Every film that has ever been nominated for an Academy Award in any category. Enjoy!
The film that cost $20,000,000,000,000 to make.
A film that exposes the shocking truth behind the economic crisis of 2008. The global financial meltdown, at a cost of over $20 trillion, resulted in millions of people losing their homes and jobs. Through extensive research and interviews with major financial insiders, politicians and journalists, Inside Job traces the rise of a rogue industry and unveils the corrosive relationships which have corrupted politics, regulation and academia.
The working title: The Wolves of Wall Street
*and I'm positive Ben Bernanke is Terrence Malick :)
I don't know... I'm really not well educated or frankly very interested in economics as of yet, and I don't feel the need to be at this point in my life (political science was hard enough). But despite the fact that I understood a little more than 70% of this film, I still enjoyed it, as it has great music, engaging visuals, and an intriguing narration from Damon.
A very scathing angry-mentary, which looks glorious, has a rhythm-setting Damon narration, and makes the money men squirm.
For people familiar with everything GFC, it's a decent critique that knows its subject matter. That said, I did have problems with the presentation, as its way too focused on individuals and corporations than the psychology of the system itself, it cant help but feel a little bit propaganda-esque. The third act lost points for me, as its too focused on placing the blame, and not focused on overall issues. What it omits is as telling as what it includes.
That said, it's probably one of the most palatable presentations of the how and why of the GFC, so its a useful and scintillating work at its best.
Charles Ferguson follows his brilliant documentary No End in Sight with another essential piece of work, this time focusing on the economic crisis of 2008.
There are very few documentary filmmakers who know how to nail the perfect balance of giving high information while never boring their audience down or making them feel like they are sitting in a classroom. Ferguson is among the finest in the field. It's a tall task, making a film about the biggest American financial disaster a pleasant watch, but that's exactly what we get here. Matt Damon narrates in a smooth and pleasing manner, getting right what so many documentaries have made into a distraction working against a project.
Overall this is a must-see-twice kind of film that doesn't make accusations without displaying the evidence to back it up. Ferguson is one of the most important directors in American cinema.
I still think this is one of the most important films made in the last few years.
I also knew that it would one day serve me well to prepare for an exam!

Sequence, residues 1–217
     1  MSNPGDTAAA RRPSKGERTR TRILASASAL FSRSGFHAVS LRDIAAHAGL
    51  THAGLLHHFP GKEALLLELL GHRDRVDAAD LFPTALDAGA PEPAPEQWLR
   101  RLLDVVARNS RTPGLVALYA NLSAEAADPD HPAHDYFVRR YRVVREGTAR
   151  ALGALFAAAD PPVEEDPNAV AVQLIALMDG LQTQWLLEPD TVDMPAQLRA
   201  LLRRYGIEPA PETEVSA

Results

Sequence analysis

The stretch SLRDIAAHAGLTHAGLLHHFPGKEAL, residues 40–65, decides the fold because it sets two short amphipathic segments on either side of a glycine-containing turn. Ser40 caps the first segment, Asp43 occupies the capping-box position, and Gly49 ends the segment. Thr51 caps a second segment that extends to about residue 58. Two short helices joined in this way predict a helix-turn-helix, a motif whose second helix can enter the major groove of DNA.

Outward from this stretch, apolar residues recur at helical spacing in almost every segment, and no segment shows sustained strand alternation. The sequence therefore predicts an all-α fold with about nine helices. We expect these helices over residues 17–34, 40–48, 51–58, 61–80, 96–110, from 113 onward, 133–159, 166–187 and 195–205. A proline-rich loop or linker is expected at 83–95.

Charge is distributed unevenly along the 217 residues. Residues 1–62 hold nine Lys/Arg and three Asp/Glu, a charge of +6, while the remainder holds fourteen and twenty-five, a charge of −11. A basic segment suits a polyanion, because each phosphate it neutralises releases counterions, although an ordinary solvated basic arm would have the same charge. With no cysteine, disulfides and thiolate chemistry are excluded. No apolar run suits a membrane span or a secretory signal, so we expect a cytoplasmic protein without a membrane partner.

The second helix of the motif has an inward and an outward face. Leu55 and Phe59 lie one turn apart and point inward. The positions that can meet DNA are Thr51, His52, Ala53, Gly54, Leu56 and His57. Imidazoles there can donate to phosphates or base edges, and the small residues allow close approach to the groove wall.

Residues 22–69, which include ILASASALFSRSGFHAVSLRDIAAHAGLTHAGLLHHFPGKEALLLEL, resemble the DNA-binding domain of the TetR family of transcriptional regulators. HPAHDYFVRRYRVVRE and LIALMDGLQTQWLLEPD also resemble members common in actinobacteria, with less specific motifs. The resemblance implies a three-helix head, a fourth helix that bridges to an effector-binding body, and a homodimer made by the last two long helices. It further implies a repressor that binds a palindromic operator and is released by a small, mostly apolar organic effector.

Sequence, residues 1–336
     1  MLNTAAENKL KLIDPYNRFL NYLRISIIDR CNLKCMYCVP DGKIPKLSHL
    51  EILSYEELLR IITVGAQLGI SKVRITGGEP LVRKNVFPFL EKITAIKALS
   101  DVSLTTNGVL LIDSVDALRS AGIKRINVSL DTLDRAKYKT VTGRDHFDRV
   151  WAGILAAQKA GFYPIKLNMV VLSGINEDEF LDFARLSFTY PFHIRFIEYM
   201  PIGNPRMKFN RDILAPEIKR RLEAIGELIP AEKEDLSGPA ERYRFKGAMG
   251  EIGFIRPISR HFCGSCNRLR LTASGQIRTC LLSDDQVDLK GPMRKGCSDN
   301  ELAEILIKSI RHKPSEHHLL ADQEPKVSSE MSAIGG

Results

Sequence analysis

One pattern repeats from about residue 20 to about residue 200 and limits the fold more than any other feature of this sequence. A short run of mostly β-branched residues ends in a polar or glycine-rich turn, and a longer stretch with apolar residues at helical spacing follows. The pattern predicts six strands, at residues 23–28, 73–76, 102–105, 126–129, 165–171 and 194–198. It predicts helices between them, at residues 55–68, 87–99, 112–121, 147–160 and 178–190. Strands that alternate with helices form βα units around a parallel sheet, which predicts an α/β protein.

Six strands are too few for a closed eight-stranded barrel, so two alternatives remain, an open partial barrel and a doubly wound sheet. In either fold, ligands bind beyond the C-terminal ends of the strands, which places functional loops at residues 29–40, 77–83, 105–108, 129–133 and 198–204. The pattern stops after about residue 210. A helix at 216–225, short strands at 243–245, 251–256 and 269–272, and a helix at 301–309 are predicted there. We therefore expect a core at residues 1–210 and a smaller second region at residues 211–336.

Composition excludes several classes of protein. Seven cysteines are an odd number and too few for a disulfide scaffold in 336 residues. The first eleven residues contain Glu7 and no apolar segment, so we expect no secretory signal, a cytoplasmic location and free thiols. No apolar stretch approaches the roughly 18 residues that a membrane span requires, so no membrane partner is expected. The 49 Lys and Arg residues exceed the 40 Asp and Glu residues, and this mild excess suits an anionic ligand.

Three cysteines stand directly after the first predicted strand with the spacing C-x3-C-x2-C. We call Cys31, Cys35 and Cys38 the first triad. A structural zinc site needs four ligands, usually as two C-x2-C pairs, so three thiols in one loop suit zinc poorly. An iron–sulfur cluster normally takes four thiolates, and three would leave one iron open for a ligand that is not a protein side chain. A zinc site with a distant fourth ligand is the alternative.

¨The global economic crisis of 2008 cost tens of millions of people their savings, their jobs, and their homes. This is how it happened.¨
Inside Job is a very insightful documentary about the global financial crisis of 2008 that produced the worst recession since the Great Depression. Millions of people lost their jobs and savings in middle of the crisis and according to this documentary it could all have been prevented. Charles Ferguson produced, directed, and wrote this Oscar nominated documentary. It is really well developed, beautifully shot, and will surely leave your blood boiling by the end of the two hour film. Ferguson (who also directed the Oscar nominated documentary No End in Sight, about America`s involvement in Iraq)…
good documentation with a lot of slowdowns
Why people were not rioting in the streets and tearing the finance sector down is beyond me.
(Original review outdated, re-evaluation required at later date)
Documentary gives a clear overview of the decades that led up to the 2008 economic recession. Raises some valid points, and it's a good starting point for those not familiar with the world of banking and economic legislation (like I am), but the ending consists of a haphazardly thrown-together string of three sentences and a helicopter circling Lady Liberty. It's lazy symbolism when the rest of the film has been very frank in its discussion (and condemnation) of the mindset that reigned supreme - the ending feels very stark and while it's obviously very difficult to say where the world should go from here, but it could have said that, as this conclusion just feels hugely unsatisfactory.
One Can Say Documentary, One Can Say Truth
When life gives you lemons, make a documentary about it. I loved this a lot more than I probably should have. It's been a while since I got real good and angry about the financial crisis! I feel like this should be required viewing for all people at some point and I say that with a lot of earnestness. Inside Job explains the 2008 crisis in a way that takes in all contributing factors, even some that I had never heard discussed before, and explains how each factor contributed in chronological order. Very structured and very fact based, it focuses more on the perpetrators than the victims and allows their clearly criminal behaviour to speak for itself. I also really…
Smart structural move, starting with the micro example of Iceland. Lets us understand financial collapse as a story before hitting us with the overwhelming details of the U.S. (and eventual global) meltdown.
"É difícil, mas vale a pena lutar por algumas coisas." Frase que termina o filme. Sem mais.
The 2015 edition of the They Shoot Pictures, Don't They? 21st Century's Most Acclaimed Films list.
Incomplete data forced the…
A list with film titles that could easily have been titles of porn movies.
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